tears of repentance christian indian identity and community in colonial southern new england

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Tears Of Repentance

Author : Julius H. Rubin
ISBN : 9780803245679
Genre : Social Science
File Size : 82. 56 MB
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Tears of Repentance revisits and reexamines the familiar stories of intercultural encounters between Protestant missionaries and Native peoples in southern New England from the seventeenth to the early nineteenth centuries. Focusing on Protestant missionaries’ accounts of their ideals, purposes, and goals among the Native communities they served and of the religion as lived, experienced, and practiced among Christianized Indians, Julius H. Rubin offers a new way of understanding the motives and motivations of those who lived in New England’s early Christianized Indian village communities. Rubin explores how Christian Indians recast Protestant theology into an Indianized quest for salvation from their worldly troubles and toward the promise of an otherworldly paradise. The Great Awakening of the eighteenth century reveals how evangelical pietism transformed religious identities and communities and gave rise to the sublime hope that New Born Indians were children of God who might effectively contest colonialism. With this dream unfulfilled, the exodus from New England to Brothertown envisioned a separatist Christian Indian commonwealth on the borderlands of America after the Revolution. Tears of Repentance is an important contribution to American colonial and Native American history, offering new ways of examining how Native groups and individuals recast Protestant theology to restore their Native communities and cultures.

Tears Of Repentance Or A Further Narrative Of The Progress Of The Gospel Amongst The Indians In New England

Author : John Eliot
ISBN : OCLC:62511712
Genre : Indians of North America
File Size : 32. 79 MB
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Author : Matthew Bell
ISBN : 9781316123751
Genre : Psychology
File Size : 63. 63 MB
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Melancholia is a commonly experienced feeling, and one with a long and fascinating medical history which can be charted back to antiquity. Avoiding the simplistic binary opposition of constructivism and hard realism, this book argues that melancholia was a culture-bound syndrome which thrived in the West because of the structure of Western medicine since the Ancient Greeks, and because of the West's fascination with self-consciousness. While melancholia cannot be equated with modern depression, Matthew Bell argues that concepts from recent depression research can shed light on melancholia. Within a broad historical panorama, Bell focuses on ancient medical writing, especially the little-known but pivotal Rufus of Ephesus, and on the medicine and culture of early modern Europe. Separate chapters are dedicated to issues of gender and cultural difference, and the final chapter offers a survey of melancholia in the arts, explaining the prominence of melancholia - especially in literature.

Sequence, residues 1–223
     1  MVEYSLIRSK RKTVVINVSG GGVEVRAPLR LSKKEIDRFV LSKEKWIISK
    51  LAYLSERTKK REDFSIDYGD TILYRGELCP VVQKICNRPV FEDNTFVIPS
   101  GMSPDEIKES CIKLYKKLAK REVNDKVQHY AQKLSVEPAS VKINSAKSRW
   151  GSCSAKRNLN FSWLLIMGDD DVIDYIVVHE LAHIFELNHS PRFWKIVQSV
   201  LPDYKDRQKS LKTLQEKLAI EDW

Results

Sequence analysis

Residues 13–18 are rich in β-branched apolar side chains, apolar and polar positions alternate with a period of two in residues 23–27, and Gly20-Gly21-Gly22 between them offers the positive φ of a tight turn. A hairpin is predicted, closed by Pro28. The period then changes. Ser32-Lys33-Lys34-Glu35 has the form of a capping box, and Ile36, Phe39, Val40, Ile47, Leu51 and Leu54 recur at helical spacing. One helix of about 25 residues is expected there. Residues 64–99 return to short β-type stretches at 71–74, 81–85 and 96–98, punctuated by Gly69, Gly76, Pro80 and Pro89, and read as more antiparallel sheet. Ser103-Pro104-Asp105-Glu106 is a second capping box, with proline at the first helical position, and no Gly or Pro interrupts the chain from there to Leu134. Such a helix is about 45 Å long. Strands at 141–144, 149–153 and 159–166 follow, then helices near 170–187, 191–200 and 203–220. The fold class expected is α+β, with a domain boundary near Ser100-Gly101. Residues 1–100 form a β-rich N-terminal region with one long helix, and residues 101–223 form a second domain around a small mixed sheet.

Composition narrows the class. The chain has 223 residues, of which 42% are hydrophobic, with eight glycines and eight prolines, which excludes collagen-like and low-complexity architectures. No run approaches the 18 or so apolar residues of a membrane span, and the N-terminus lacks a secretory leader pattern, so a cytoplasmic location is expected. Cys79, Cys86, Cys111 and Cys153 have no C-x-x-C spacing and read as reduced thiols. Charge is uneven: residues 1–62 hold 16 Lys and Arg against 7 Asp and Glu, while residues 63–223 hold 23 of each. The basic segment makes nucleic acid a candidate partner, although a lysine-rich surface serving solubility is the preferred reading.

Facing East From Indian Country

Author : Dr Daniel K Richter
ISBN : 0674042727
Genre : History
File Size : 64. 57 MB
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In the beginning, North America was Indian country. But only in the beginning. After the opening act of the great national drama, Native Americans yielded to the westward rush of European settlers. Or so the story usually goes. Yet, for three centuries after Columbus, Native people controlled most of eastern North America and profoundly shaped its destiny. In "Facing East from Indian Country," Daniel K. Richter keeps Native people center-stage throughout the story of the origins of the United States. Viewed from Indian country, the sixteenth century was an era in which Native people discovered Europeans and struggled to make sense of a new world. Well into the seventeenth century, the most profound challenges to Indian life came less from the arrival of a relative handful of European colonists than from the biological, economic, and environmental forces the newcomers unleashed. Drawing upon their own traditions, Indian communities reinvented themselves and carved out a place in a world dominated by transatlantic European empires. In 1776, however, when some of Britain's colonists rebelled against that imperial world, they overturned the system that had made Euro-American and Native coexistence possible. Eastern North America only ceased to be an Indian country because the revolutionaries denied the continent's first peoples a place in the nation they were creating. In rediscovering early America as Indian country, Richter employs the historian's craft to challenge cherished assumptions about times and places we thought we knew well, revealing Native American experiences at the core of the nation's birth and identity.